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TSR [Let's Read] Polyhedron/Dungeon

What, you really thought I wouldn't include one of these? As if!


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(un)reason

Adventurer
Dungeon Issue 3: Jan/Feb 1987




part 1/5



68 pages. Well, this is an odd selection of fashion and colour choices. Either these explosions are happening in the middle of the night, and everyone's fleeing in their bedclothes, or this is set in a land before the invention of trousers. Let's see where this set of adventures will take us, and if they'll bother to include much culture and worldbuilding amongst them.



Editorial: Only a couple of issues in, and Roger is already noticing very definite patterns in the submitted adventures. People love their evil wizard masterminds, so a vastly disproportionate number of big bads are wizards or illusionists. Illusionists are even less likely than generalist spellcasters to appear as anything other than enemies. A trickster who uses their powers for good? What is this, a saturday morning cartoon?! Meanwhile, the lesser enemies are most likely to be interchangeble fighty sorts. Why not mix things up, have a high level fighter leading an army of low level wizards each using their one or two spells a day in a logistically intelligent manner? You can't avoid cliches entirely, but at least you can mix them up and subvert them sometimes, and that's how you keep them from getting boring.



Letters: Our first two letters are about the logistics of submitting to the magazine, just like Polyhedron. They really need to get the number of submissions up for both publications, so they're pushing hard to get this sorted out.

Next we have a bit of errata for one of the adventures last issue. Perfectly normal editing mistake.

Then we have a letter asking where all the modules for evil parties are? Bad guys can break into random people & creature's homes, kill them and take their stuff too. It's not exclusively a thing heroes do.

Finally, we have someone afraid their players will buy the magazine too and know the adventures they're using on them. That could be said of using any prefab module. That's why you should change things around or use it as inspiration to make your own instead.
 

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(un)reason

Adventurer
Dungeon Issue 3: Jan/Feb 1987




part 2/5



Falcon's Peak: This issue, instead of leading with a long and spectacular adventure, they decide to sort them by order of level, starting with one for starting level characters and working their way up. Not a bad policy, if they'd stuck with it, (they don't) as they're the ones most likely to actually get played. All the things Roger talked about in the editorial are on full display here, as you have to deal with a bunch of brigands and hobgoblins, led by a wizard. So yeah, this doesn't do anything particularly innovative. What it does do well is make the place feel like a living event rather than just a bunch of monsters lurking in their rooms until someone kills them - the brigands have a plan, move around, take captives, will reinforce each other, and will generally respond like people who want to make a profit and not die instead of charging screaming at the players. It's all a little bit smarter than the likes of Keep on the borderlands. No problems with this one, but no high praise either.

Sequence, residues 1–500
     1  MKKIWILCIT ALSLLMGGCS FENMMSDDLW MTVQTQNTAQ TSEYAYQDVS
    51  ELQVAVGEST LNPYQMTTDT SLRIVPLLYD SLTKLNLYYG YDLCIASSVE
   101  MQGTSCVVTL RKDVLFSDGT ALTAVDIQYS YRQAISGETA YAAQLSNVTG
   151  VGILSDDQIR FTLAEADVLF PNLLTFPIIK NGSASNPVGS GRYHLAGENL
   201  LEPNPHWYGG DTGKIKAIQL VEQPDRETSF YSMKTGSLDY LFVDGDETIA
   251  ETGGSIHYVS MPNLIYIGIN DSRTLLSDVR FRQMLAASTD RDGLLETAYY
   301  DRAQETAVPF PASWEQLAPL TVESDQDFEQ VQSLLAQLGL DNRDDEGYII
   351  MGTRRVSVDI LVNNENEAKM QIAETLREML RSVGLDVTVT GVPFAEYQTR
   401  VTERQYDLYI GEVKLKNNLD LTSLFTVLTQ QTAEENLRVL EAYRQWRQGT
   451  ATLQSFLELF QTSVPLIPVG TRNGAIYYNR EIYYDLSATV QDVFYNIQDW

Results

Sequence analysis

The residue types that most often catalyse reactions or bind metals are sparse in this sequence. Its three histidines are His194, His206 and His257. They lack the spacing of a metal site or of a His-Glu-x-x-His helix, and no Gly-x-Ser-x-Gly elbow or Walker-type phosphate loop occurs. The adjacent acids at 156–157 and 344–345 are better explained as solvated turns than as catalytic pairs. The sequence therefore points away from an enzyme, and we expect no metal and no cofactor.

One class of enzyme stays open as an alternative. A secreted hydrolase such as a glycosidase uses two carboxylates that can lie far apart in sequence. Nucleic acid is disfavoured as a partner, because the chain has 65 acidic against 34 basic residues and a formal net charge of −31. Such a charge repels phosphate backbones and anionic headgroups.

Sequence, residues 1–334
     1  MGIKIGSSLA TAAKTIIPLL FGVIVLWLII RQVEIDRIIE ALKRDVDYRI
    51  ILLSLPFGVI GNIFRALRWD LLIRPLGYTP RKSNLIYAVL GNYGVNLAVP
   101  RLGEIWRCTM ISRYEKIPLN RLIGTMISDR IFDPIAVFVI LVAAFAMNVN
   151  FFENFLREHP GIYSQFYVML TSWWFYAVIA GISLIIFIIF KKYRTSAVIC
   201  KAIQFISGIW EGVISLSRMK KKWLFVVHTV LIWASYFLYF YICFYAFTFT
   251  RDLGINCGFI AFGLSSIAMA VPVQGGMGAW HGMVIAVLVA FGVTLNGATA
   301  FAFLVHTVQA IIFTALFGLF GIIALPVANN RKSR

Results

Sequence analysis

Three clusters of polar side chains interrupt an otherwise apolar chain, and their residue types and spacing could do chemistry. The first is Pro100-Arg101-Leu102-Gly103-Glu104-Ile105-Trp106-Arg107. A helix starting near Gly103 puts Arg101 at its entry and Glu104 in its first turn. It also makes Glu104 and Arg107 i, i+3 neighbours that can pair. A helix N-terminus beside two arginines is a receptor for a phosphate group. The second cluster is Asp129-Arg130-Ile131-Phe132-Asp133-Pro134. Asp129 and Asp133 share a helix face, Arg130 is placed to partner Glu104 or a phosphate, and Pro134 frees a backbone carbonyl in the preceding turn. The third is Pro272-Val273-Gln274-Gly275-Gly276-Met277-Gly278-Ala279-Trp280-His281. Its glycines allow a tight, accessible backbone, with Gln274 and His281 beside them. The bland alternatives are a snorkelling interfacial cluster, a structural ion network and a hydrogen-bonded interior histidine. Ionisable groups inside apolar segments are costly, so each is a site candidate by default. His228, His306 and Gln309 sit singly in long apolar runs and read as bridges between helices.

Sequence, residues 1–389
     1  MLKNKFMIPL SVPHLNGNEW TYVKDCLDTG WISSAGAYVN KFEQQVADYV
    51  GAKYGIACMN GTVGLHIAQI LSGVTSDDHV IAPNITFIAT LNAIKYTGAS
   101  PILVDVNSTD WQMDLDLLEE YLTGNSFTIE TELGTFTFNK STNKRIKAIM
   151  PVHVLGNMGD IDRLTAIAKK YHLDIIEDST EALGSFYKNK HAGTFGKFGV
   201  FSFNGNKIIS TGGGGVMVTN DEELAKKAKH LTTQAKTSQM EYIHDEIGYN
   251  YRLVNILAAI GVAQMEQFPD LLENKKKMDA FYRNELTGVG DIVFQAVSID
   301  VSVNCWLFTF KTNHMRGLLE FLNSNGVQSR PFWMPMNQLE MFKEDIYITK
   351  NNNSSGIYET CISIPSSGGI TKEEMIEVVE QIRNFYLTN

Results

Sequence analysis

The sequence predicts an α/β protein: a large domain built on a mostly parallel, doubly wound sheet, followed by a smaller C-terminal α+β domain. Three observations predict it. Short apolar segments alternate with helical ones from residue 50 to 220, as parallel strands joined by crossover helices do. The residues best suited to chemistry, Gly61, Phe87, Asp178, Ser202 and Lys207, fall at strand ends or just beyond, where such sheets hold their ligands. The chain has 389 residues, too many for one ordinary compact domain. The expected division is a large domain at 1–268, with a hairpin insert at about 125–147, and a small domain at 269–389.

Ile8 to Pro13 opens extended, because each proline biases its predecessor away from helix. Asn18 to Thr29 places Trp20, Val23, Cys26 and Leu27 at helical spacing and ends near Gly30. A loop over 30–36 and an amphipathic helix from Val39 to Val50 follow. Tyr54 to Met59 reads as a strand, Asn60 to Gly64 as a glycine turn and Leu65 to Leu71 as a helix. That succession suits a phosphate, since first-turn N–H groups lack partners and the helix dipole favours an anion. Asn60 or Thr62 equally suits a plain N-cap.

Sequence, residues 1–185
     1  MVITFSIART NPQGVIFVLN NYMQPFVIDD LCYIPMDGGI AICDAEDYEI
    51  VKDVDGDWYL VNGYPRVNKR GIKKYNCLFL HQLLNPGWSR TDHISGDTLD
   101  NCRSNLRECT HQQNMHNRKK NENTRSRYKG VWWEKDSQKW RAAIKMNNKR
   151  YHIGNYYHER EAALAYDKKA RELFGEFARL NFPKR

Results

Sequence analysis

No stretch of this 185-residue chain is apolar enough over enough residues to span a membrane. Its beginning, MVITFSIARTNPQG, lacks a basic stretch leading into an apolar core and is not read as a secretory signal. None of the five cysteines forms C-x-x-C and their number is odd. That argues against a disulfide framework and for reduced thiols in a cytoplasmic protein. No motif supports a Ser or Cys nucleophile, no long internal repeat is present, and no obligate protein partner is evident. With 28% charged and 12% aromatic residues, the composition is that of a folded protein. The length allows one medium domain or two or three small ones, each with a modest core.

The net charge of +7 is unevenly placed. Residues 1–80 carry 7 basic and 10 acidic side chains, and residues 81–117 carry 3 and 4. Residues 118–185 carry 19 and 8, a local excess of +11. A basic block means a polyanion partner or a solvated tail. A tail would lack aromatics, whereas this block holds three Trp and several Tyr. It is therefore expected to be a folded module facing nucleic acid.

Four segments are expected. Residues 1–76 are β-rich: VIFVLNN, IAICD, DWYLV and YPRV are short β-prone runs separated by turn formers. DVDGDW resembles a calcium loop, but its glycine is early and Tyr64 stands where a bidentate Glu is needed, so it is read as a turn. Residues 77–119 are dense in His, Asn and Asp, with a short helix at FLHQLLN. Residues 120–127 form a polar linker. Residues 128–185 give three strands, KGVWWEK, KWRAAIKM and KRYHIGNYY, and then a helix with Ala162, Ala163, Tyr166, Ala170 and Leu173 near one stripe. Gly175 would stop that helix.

(un)reason

Adventurer
Dungeon Issue 3: Jan/Feb 1987




part 3/5



Blood on the Snow: After getting very annoyed at the wasted opportunity Polyhedron made of it's Finnish adventures, it's very pleasing to see one in here which does properly take into account the everyday challenges of arctic life, and makes it a big part of your experience. It even uses a lot of the same mythological stuff, with both Norse & Finnish gods worshipped in the settlement. The seal hunters are having a lot of trouble with bandits this season, and the guildmaster suspects it's an inside job. So the PC's are hired to join the hunters on their expedition to protect them in case of attack, and try and figure out who the traitor might be. That makes this an unusual combination of wilderness adventure and detective story, with plenty of opportunities for roleplaying amid the intrinsic dangers of the terrain. (so think carefully before you pick fights with people, as you could get the right person and still freeze to death before you get home if not careful.) There's still some simplification, (the amount of daylight would actually have changed by well over an hour during the course of this two week timeline) but this goes a long way towards showing you just how many seemingly innocuous things can kill you when the temperature gets this low. It gives you both variety and freedom, while still giving you plenty of chances to fuck up and suffer in non-lethal ways. (frostbite is no joke until you can afford a regeneration spell.) Unless your players aren't fond of the gritty in general, or get squeamish about realistic depictions of hunting and prefer to stick to killing orcs and dragons I can highly recommend it.